21-27 November 2014 #733

Pride and prejudice at SAARC

Kathmandu can use its geopolitical positioning to upgrade SAARC into a dynamic regional grouping
Kanak Mani Dixit
The upcoming SAARC Summit, the third in Nepal after 1987 and 2002, is happening as Kathmandu suffers deep socio-political polarisations as it tries a second time to write the constitution. The national civil society is as if in stupor, while the political class is stretched thin and in poor position to lead the diplomats and bureaucrats.

Narendra Modi has arrived like a meteor over South Asian skies, but we do not know if his imperious unilateralism will work in the South Asian regional context. Coming to attend the multilateral SAARC summit, he plans barn-storming events in Janakpur and Lumbini that the timid politicians of Kathmandu do not have the wherewithal to deny. (At press time, the two visits suddenly seemed to be in doubt).

As the host nation on 26-27 November, and the SAARC chair till the next summit perhaps two years away, Nepal has the onus of tackling the Modi wagon in a manner as befits and benefits all South Asia. It is clear that, both personally and geopolitically, the new prime minister of India wants the neighbouring countries to achieve progress, but will he proceed consultatively? We do not yet know whether his forceful personality can function within the confines of the sovereignties of SAARC.

Nepal is probably the ideal member-state to take up the chairmanship of SAARC at this sensitive hour of transition because it remains geopolitically the least-threatening among the larger countries of South Asia. The first thing obviously is for the observers of SAARC to realise its limitations, functioning as it does under the strait-jacket of consensus among eight foreign ministries. SAARC’s lack of dynamism reflects the reality of strident nationalisms among the majority post-colonial states of South Asia.

We can disparage SAARC’s snail-pace, but we have to appreciate it just for being there, forcing the heads of government every so often to give the official nod to the concept of regionalism. In reality, it is not the governments but the civil society of our societies that will help build regionalism of the kind that soften borders and builds prosperity and peace.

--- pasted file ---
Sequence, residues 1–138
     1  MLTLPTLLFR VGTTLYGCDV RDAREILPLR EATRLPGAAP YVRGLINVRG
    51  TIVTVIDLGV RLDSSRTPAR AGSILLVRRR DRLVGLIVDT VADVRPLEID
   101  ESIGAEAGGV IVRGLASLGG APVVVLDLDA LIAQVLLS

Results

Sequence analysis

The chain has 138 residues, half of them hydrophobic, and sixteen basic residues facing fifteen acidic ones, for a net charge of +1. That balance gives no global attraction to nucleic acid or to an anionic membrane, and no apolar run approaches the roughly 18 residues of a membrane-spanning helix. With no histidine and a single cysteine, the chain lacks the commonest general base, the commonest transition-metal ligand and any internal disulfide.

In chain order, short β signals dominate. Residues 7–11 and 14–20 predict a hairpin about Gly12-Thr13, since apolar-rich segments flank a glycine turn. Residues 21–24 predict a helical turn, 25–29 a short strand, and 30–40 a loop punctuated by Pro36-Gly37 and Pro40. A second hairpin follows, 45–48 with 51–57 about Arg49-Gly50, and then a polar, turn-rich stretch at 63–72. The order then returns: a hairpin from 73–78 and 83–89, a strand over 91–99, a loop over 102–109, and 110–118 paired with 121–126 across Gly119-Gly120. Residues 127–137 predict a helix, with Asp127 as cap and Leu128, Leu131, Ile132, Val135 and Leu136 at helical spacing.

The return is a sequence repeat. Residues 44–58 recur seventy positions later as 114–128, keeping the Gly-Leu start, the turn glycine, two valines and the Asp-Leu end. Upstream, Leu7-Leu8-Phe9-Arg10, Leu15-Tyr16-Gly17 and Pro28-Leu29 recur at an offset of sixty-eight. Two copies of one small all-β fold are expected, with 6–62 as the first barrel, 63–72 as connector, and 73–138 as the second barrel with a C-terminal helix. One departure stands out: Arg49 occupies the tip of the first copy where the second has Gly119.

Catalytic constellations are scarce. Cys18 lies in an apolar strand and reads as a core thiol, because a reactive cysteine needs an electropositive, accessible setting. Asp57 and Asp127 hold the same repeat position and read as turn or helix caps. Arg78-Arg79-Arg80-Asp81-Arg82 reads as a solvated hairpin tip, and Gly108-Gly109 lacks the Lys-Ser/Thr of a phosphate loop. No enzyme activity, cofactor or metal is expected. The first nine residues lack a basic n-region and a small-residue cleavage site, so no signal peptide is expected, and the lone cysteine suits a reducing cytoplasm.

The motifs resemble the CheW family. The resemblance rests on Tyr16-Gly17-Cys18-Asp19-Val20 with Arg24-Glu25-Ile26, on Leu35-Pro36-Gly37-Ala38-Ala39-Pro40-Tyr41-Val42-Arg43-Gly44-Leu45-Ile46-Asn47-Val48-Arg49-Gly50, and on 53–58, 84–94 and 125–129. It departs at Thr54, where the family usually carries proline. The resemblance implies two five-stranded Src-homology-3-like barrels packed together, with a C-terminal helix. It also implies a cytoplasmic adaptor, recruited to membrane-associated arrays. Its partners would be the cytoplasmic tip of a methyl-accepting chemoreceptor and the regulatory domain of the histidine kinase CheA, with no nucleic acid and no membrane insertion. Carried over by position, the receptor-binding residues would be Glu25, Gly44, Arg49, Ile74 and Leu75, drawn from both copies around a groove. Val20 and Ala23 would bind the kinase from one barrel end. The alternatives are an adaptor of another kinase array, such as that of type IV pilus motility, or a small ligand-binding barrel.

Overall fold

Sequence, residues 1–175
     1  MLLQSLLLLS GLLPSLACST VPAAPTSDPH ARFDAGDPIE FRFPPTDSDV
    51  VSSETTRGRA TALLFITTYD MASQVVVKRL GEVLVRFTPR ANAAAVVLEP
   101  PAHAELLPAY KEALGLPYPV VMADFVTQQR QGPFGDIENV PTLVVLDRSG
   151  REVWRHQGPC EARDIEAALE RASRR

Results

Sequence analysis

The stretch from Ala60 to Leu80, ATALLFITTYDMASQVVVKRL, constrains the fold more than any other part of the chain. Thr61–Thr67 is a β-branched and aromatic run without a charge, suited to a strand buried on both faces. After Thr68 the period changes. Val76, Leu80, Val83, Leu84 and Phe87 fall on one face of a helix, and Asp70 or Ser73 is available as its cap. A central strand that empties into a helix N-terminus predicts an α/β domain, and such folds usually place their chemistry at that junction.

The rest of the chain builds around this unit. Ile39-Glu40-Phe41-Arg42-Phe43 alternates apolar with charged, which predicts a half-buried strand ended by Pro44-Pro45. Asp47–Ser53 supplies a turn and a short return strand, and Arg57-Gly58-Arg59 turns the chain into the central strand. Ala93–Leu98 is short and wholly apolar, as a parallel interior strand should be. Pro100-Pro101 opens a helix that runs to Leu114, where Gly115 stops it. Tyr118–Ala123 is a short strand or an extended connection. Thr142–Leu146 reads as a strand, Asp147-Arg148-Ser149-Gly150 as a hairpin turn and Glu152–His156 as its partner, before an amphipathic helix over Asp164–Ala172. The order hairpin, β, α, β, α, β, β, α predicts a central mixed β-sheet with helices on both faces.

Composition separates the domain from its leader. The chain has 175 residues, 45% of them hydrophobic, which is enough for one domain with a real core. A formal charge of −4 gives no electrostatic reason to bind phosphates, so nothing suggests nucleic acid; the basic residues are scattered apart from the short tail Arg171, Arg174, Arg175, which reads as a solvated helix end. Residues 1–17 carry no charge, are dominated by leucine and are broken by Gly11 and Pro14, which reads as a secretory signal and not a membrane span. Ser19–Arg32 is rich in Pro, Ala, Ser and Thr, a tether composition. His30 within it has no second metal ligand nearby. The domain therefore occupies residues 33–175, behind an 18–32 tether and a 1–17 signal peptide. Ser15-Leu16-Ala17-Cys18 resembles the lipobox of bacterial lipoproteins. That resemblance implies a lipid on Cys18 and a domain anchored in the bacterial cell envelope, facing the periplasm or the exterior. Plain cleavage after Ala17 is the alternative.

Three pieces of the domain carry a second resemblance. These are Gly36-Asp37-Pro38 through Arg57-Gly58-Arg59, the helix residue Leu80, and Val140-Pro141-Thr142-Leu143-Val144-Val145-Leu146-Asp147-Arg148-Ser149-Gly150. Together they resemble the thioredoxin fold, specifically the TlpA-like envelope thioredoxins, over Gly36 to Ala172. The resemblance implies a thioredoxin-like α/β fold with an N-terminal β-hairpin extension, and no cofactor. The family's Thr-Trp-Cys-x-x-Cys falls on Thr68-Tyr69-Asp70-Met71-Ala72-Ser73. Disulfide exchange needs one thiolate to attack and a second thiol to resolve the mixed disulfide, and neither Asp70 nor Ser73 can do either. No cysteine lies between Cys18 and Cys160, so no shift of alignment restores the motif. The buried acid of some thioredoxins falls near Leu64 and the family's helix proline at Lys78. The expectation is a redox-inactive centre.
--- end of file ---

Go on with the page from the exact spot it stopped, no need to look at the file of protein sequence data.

At the very least, the goal-setting in the SAARC Social Charter and the South Asia Free Trade Area represents aspirations, and if not at the regional then these can be achieved at the national and bilateral levels. The oft-repeated call for allowing discussion on bilateral differences between the governments of SAARC is a non-starter and it is best to shelve this suggestion till such time we have all matured. In the meantime, Kathmandu can take the lead in adding texture to SAARC.

The most pressing need at the conceptual level is to define not only pan-regional (all eight members) but sub-regional (two or more members) activities as ‘SAARC’-related or ‘South Asian’. This simple demarche will inject adrenalin into the organisation, helping it represent the true diversity and energy of the Subcontinent. Simply put, SAARC is restricted in its scope by having to include each of the eight members in every activity, which leads mostly towards lowest-common-denominator initiatives.

There are at least two Nepal-generated proposals before the foreign ministers when they meet to finalise the summit agenda. One is for SAARC to formally support the cooperative movement as an alternative basis for socially-committed action, distinguished from governmental action, the private sector, development donors and the non-governmental organisations. None of the member states should have a problem with this proposal.

The other proposal which the trade unionists and labour activists of Nepal have strenuously lobbied for is a SAARC-level partnership to protect the millions of South Asian job migrants toiling overseas. This would be important for the migrant-sending countries like India, Pakistan, Bangladesh, Nepal and Sri Lanka. The big question, as always, is whether national pride and prejudice will keep India and Pakistan from agreeing to a joint SAARC platform, this one on migrant labour.

The official theme for the Summit as suggested by Nepal is ‘Deeper integration for peace, progress and prosperity’, and the specific focus should be on infrastructural connectivity as a means of building stakeholders for regional stability. For this to have meaning, too, we must re-jig the SAARC formula to allow the sum of bilateral ‘connectivities’ to cumulatively promote regional goals.

There are literally hundreds of urgent issues that SAARC must take up regionally and sub-regionally. One would be the ‘Asian brown cloud’, especially as India accelerates its use of low-grade coal. We need to collaborate on conservation of rhinoceros between Nepal, India and Bhutan; transit through Bangladesh for India, transit through Pakistan for Afghanistan and India are priorities.

Some of these matters will be addressed in the People’s SAARC, a gathering of South Asian civil society on 23-24 November, and the day will come when what is discussed among the people will find its way into the formal agenda of SAARC summits and programs. It may even take decades, but SAARC will have ‘arrived’ when the governments of South Asia decide formally to address human rights abuse by state and non-state actors, and agree on a regional mechanism to deliver justice to the victims.


Read also:

SAARC’S raison d’être, Editorial

Modi plays it safe, Damakant Jayshi

Reimagining South Asia, Anurag Acharya

SAARC Timeline, Ayesha Shakya

Land-locked to land-linked, David Seddon

The second coming, Editorial

What after SAFTA?, Khadga Singh

SAARC’s Southasia and ours, Kanak Mani Dixit

Multitracking South Asia

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